Cancel the funeral and file away the eulogies, the Holden Commodore is not dead after all.
GM Holden managing director Mike Devereux has confirmed the Commodore will live on past 2016.
He made the announcement at a media preview of the VF Commodore at the Melbourne headquarters ahead of the official public presentation on Sunday.
“We will launch another Commodore after this one,” Devereux said. When pressed for more detail, he said: “This thing will run through the end of 2016.”
“After that we will be putting two global architectures into the plant, one of them will underpin the next Commodore,” he said.
The VF Commodore will go on sale around June and Holden hopes it will revive the vehicle’s flagging sales, which slumped to an all time monthly low of 1656 last month.
A cloud has been hanging over the future of the vehicle beyond the life of the VF, which is a heavily updated version of the $1 billion VE Commodore released in 2006.
Devereux would provide no more detail on the future of the Commodore, other than it would continue.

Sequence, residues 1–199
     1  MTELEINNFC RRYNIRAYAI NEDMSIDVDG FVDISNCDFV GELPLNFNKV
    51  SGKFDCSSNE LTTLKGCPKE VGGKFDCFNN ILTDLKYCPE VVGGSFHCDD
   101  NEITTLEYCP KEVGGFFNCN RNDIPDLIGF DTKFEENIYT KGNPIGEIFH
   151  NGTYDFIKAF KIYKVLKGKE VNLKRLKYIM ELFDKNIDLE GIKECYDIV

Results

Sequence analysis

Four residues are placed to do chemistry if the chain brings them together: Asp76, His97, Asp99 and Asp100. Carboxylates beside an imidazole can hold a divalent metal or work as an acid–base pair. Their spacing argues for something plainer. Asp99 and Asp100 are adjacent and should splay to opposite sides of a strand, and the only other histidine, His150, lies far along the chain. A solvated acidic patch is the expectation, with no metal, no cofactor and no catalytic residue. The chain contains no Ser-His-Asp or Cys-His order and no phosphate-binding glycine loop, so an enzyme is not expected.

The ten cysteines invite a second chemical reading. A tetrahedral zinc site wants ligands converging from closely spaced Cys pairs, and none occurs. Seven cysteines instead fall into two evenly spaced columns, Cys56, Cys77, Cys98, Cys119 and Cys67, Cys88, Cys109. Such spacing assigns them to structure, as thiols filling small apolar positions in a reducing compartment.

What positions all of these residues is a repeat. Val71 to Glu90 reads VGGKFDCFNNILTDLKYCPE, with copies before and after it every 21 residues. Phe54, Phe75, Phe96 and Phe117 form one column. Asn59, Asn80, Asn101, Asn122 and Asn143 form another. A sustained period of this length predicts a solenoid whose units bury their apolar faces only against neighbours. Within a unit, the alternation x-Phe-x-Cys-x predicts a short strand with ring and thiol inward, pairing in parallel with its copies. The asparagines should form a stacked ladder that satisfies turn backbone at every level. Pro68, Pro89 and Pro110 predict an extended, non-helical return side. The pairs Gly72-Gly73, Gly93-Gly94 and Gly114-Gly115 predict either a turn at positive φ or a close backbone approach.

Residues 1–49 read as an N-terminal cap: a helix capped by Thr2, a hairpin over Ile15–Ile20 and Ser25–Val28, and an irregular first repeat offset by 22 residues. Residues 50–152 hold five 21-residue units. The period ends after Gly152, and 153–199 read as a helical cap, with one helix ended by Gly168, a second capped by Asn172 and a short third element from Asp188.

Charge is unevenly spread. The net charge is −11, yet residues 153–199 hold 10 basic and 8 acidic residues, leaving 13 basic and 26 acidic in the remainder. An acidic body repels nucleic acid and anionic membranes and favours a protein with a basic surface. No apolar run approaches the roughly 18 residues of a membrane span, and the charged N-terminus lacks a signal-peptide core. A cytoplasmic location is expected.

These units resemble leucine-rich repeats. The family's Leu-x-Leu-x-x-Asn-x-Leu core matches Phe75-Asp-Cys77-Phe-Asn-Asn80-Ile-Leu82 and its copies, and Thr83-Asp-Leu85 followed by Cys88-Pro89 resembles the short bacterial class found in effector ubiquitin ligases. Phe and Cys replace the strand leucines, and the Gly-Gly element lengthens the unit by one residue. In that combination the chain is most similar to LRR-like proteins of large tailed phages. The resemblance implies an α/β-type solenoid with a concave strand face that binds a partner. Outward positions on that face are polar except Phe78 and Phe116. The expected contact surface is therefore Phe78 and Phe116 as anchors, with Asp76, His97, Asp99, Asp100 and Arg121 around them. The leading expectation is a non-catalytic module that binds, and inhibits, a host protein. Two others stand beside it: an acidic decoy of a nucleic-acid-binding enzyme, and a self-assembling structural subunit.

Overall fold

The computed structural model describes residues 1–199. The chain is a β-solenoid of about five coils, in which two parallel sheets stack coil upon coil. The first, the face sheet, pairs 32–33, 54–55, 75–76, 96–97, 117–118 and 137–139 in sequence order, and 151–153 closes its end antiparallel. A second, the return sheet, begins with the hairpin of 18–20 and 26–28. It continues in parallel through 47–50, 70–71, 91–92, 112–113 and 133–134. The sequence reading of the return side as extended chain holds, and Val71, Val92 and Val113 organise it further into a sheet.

He refused to discuss whether the next Commodore would be built on a rear-drive platform or whether it would continue on as a large sedan. Both elements have been considered central to the character of Commodore, but the new car could be a size smaller and there is every chance it will be front-drive.
It is also not clear whether Holden would lead the design and development of the car in Australia or whether it is contributing to a global program headed out of North America or South Korea.
Holden had previously confirmed it would be producing two vehicles at its Elizabeth plant near Adelaide from 2016 onwards, a commitment that was central to it receiving $275million of federal and state government funding.
Devereux previously confirmed the small Cruze would be one of those vehicles, but would not be drawn on the second, until now.
He will travel to the US on Thursday in order to help General Motors North America president (and ex-GM Holden chief), Mark Reuss, reveal the new Commodore in the form of a Chevrolet SS at Daytona Raceway. The SS has been chosen as the car Chevrolet will use for the skin of its NASCAR racer in this year’s Sprint Cup series as it looks to build up publicity before the Australian-produced car goes on sale there later this year.